Education and Skills

Esports are being taught in schools. Could they give students useful workplace skills?

Competitive video gaming – also known as esports, or electronic sports – is finding its way into educational systems.

Competitive video gaming – also known as esports, or electronic sports – is finding its way into educational systems. Image: REUTERS/Francis Kokoroko

Ian Shine
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  • Competitive video gaming – also known as esports, or electronic sports – is finding its way into educational systems.
  • Advocates say it can teach skills such as teamwork, leadership, communication, problem-solving and strategic thinking.
  • It is also helping to get school refusers back into the classroom in Japan.
  • Education has to evolve to include digital technologies, but schools need to ensure they still encourage real-life interactions and personal engagement, the World Economic Forum points out.

But is it really educational?

"Esports is not [sitting] in your bedroom playing on your own in the dark eating crisps; it’s teams of people playing against teams of people in a competitive environment," Tom Dore of the British Esports Federation told website Which School Advisor. "Through that, you can develop all the same holistic character development skills that you would in any other school extra-curricular team activity such as traditional sport, music or drama. Teamwork, leadership, communication, problem-solving and strategic thinking can all be developed by playing esports as part of a team."

Some skills that esports could teach.
Some skills that esports could teach. Image: World Economic Forum.

The benefits of esports in schools

Japan’s Esports High School is mixing traditional school work with intensive video game training. “It was founded with the intention of feeding the growing global demand for professional gamers,” says The New York Times, but notes that teachers also encourage students to pursue related careers in programming or design.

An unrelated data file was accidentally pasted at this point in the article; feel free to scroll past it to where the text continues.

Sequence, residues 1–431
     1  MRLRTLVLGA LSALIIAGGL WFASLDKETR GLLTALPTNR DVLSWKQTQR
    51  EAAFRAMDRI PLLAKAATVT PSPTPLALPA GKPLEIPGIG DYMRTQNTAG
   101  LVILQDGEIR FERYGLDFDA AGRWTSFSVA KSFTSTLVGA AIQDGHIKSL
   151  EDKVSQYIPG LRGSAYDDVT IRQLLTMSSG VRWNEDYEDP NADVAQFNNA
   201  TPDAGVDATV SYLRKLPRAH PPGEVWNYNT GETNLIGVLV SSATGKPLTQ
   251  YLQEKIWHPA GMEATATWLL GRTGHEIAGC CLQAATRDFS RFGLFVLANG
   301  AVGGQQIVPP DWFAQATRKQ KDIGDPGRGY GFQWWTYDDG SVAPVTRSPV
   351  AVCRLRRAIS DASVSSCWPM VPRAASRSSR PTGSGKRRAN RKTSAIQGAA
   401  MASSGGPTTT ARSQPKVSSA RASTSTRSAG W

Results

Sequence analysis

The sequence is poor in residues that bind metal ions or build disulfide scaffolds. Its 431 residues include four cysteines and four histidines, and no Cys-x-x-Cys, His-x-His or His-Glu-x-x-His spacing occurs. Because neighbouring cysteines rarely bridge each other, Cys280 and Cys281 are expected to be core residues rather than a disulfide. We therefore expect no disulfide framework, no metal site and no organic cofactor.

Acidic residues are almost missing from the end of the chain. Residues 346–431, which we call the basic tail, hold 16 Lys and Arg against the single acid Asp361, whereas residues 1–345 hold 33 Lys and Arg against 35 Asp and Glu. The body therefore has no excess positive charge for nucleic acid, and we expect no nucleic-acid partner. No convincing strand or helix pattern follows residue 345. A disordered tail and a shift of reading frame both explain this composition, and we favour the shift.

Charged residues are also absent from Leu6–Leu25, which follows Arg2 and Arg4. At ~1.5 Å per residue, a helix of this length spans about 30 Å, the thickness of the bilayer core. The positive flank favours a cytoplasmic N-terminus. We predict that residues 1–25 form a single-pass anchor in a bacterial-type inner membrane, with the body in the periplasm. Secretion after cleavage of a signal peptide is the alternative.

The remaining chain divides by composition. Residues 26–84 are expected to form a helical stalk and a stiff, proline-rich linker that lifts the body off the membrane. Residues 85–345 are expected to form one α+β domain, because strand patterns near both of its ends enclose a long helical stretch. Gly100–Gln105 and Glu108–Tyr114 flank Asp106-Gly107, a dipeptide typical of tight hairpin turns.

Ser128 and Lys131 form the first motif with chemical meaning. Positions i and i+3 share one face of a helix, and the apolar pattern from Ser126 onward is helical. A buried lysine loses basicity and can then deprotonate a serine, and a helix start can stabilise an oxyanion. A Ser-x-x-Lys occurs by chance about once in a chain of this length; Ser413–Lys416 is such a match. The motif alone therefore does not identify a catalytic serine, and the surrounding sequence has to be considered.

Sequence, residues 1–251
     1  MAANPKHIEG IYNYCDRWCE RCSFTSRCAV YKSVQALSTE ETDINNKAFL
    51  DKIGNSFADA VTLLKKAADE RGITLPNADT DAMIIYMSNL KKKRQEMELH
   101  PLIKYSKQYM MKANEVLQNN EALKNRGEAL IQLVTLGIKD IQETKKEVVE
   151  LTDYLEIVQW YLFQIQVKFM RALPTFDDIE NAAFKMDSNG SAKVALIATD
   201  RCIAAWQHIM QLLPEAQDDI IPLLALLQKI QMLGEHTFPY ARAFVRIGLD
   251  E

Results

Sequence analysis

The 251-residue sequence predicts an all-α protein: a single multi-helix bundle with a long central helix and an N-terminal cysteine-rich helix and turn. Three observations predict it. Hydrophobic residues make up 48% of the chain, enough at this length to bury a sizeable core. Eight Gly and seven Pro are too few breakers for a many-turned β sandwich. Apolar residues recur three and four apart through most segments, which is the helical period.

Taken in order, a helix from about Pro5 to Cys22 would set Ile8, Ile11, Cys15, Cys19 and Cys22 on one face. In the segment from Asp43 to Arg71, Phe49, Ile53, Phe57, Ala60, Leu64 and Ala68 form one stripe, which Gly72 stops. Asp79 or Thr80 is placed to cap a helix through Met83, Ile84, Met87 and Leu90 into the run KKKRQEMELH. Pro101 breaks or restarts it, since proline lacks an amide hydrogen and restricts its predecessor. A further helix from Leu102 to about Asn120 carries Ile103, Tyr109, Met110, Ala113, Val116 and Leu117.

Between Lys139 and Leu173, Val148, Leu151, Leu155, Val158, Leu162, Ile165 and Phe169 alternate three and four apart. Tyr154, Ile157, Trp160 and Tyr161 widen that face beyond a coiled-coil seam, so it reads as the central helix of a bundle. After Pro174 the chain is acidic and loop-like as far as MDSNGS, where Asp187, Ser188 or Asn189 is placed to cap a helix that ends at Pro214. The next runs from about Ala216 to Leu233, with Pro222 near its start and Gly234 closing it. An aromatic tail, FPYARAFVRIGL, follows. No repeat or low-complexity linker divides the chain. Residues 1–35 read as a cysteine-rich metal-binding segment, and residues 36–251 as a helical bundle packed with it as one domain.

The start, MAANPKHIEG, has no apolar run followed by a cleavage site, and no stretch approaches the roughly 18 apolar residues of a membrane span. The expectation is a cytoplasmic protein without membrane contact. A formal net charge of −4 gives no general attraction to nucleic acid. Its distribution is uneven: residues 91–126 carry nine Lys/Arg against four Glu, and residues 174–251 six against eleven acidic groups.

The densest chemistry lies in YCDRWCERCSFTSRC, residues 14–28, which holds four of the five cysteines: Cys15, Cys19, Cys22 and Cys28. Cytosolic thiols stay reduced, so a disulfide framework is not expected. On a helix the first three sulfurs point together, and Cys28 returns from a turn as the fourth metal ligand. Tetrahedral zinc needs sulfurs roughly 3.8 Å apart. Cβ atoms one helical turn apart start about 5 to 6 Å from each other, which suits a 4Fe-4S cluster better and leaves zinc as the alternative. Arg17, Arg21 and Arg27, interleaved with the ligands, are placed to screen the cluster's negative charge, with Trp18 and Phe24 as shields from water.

The school’s unorthodox approach has also had an unexpected side effect – it is helping get school refusers back into the classroom. This includes teenagers who find the normal school environment unstimulating, or some who have stopped going to school because of bullying.

The esports school is fitted out with large monitors and high-spec PCs. It is run with support from gaming company NTTe-Sports, and the lessons cover genres from first-person shooters to real-time strategy and multiplayer online battle arenas.

The school does not have uniforms, and classes start later than at normal schools, but it says it meets national education standards. “Our goal is to provide students with skills that can be used not just in competitive gaming, but in a variety of ways,” it says.

Skills that esports can teach


What is the World Economic Forum doing to improve digital intelligence in children?

  • Nurturing talent – preparing students for a career or further study by providing them with skills of enquiry through an interdisciplinary curriculum.
  • Building resilience – providing students with the competencies needed to adapt and thrive in employment within life’s continuously changing environments, and an increasingly diverse global society.

The World Economic Forum report Catalysing Education 4.0: Investing in the Future of Learning for a Human-Centric Recovery says that there should be more exploration into technology’s potential role in fostering social and emotional learning.

Digital skills are becoming a key part of education. One example, is introduction of Esports.
Digital skills are becoming a key part of education. One example, is introduction of Esports. Image: World Economic Forum.

“Screens and digital technologies are now a consistent feature of many children’s daily lives – and thus of their education and learning environments,” the report states. “Digital technologies can be a valuable tool in a child’s development. What matters is to avoid situations in which children become passive recipients, leaving less room for creativity, personal engagement, real-life interactions and play.”

US technology company Intel says that game-based learning has been shown to offer “many cognitive, behavioural and social benefits”, including boosting self-esteem, raising academic performance and increasing focus and engagement … all things of which any educator could approve.

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The views expressed in this article are those of the author alone and not the World Economic Forum.

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Education and SkillsEmerging TechnologiesJobs and the Future of Work
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